Dear Senator Warren,

Thank you for your reply regarding laboratory developed tests (LDTs) and the need for regulatory oversight.   As you mention, LDTs are developed without FDA approval—a pathway in which is not even necessary to prove validity of a test (that it is actually testing what it claims to be testing for) to bring it to market. With no FDA oversight or regulation a commercial lab can claim any validity they want in marketing these tests. The regulation debate has focused on the reliability and validity of a number of clinical tests marketed with unverified claims of accuracy such as prenatal screening and Lyme disease and this lack of oversight is a direct threat to patient safety.

I am sure you would agree with me that the importance of tests diagnostic accuracy is directly proportional to that tests potential to cause patient harm if reported inaccurately.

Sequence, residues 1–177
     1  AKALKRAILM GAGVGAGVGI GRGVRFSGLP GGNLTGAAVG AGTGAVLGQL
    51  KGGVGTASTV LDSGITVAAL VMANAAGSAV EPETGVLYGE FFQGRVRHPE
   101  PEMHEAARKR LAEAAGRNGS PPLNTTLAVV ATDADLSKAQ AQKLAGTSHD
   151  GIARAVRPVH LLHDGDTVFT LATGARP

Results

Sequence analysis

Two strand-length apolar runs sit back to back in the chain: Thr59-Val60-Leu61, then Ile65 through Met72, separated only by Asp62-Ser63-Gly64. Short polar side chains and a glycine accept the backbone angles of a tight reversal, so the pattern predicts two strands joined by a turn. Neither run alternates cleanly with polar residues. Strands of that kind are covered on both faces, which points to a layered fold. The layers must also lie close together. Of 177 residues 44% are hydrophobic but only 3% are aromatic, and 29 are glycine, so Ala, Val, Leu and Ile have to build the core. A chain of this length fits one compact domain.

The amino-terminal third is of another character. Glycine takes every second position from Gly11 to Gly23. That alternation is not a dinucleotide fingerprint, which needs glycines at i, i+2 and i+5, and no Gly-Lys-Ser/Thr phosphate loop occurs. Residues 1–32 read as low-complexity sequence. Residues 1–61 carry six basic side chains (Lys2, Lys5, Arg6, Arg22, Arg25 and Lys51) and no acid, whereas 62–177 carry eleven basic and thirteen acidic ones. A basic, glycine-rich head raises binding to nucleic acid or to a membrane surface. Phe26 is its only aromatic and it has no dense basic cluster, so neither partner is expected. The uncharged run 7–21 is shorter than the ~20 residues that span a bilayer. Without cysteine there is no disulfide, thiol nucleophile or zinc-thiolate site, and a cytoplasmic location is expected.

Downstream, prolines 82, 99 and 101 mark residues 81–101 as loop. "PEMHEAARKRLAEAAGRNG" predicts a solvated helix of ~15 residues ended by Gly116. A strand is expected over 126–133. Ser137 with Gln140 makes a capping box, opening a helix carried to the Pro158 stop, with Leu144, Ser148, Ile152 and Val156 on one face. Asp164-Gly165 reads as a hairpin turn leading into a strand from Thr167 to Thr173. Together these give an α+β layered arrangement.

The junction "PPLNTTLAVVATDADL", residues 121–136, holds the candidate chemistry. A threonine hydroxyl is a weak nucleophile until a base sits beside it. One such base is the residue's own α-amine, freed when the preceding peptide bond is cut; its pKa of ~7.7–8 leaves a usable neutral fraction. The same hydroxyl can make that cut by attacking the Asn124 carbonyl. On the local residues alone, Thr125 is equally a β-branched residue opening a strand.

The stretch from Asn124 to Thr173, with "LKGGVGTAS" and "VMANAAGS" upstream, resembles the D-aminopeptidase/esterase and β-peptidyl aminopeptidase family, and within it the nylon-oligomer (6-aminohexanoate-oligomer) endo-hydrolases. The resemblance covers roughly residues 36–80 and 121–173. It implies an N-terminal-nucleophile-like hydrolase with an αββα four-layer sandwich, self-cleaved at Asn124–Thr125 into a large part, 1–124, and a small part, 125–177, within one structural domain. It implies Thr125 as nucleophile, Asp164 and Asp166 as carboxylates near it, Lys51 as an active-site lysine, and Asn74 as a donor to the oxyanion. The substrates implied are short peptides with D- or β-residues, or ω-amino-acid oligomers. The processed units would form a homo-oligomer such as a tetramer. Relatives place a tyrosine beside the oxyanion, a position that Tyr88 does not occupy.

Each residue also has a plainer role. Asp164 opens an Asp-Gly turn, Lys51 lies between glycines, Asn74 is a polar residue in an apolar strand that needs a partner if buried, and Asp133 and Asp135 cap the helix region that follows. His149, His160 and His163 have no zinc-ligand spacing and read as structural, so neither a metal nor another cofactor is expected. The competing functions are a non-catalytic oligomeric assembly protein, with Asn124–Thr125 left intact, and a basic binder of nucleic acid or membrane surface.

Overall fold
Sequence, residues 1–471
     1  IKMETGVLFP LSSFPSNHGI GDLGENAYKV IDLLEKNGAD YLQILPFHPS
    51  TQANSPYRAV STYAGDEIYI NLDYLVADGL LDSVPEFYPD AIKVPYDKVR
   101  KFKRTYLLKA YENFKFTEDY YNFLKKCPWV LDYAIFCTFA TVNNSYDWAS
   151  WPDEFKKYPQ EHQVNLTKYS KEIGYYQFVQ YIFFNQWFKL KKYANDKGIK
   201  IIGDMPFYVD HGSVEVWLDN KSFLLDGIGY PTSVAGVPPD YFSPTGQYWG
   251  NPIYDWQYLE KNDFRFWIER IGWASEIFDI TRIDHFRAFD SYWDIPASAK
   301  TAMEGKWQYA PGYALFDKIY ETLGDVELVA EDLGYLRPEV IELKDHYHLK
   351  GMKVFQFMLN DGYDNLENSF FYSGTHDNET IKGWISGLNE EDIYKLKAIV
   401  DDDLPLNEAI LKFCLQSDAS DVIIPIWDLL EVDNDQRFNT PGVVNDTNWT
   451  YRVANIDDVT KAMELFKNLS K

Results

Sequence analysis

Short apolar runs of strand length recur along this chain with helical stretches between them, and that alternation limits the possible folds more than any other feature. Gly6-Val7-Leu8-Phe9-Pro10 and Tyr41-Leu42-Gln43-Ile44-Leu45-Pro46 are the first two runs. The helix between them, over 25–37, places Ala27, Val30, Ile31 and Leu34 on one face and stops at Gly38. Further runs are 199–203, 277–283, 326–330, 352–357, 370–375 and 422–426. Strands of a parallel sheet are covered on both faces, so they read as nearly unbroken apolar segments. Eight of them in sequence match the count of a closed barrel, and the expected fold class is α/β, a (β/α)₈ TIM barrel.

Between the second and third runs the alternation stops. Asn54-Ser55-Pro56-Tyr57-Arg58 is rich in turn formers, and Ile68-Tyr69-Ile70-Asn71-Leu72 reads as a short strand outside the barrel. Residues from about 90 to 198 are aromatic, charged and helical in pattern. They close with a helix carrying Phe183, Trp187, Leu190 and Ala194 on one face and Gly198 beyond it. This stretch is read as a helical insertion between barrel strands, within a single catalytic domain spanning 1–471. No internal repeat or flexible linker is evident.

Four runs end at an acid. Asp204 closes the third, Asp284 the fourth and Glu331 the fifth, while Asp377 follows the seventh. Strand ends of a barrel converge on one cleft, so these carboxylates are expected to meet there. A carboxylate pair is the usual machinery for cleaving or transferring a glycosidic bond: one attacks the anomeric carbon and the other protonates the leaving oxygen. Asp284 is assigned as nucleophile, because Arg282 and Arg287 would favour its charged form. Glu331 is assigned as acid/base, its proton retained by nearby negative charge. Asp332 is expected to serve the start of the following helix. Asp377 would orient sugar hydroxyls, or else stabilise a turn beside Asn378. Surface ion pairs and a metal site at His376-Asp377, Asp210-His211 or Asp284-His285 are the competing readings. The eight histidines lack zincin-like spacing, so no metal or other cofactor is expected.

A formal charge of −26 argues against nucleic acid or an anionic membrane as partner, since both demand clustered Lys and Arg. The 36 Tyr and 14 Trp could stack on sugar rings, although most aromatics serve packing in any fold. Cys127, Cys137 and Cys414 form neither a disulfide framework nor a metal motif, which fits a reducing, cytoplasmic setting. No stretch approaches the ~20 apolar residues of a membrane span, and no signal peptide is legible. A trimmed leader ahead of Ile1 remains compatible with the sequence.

Sensitivity and specificity are important components of any diagnostic test because there are consequences associated with both false-positive and false negative results.

A test falsely indicating the absence of a condition in someone who truly has it can delay or prevent needed treatment wile a test falsely indicating the presence of a condition in someone who does not truly have it can result in unnecessary testing and treatment.

Incorrect treatment and false labeling of patients can also occur. Therefore diagnostic accuracy is paramount if a test is being used as the basis for further tests and treatment. Any test being used as a basis for further tests or treatment needs to be accurate. It needs to be reliable and valid. Moreover, if the consequences of a test can result in significant patient harm (such as unneeded chemotherapy) it needs to be either 100% accurate or be combined with other tests to confirm the true diagnosis.

 “Forensic” vs. “Clinical” Laboratory Testing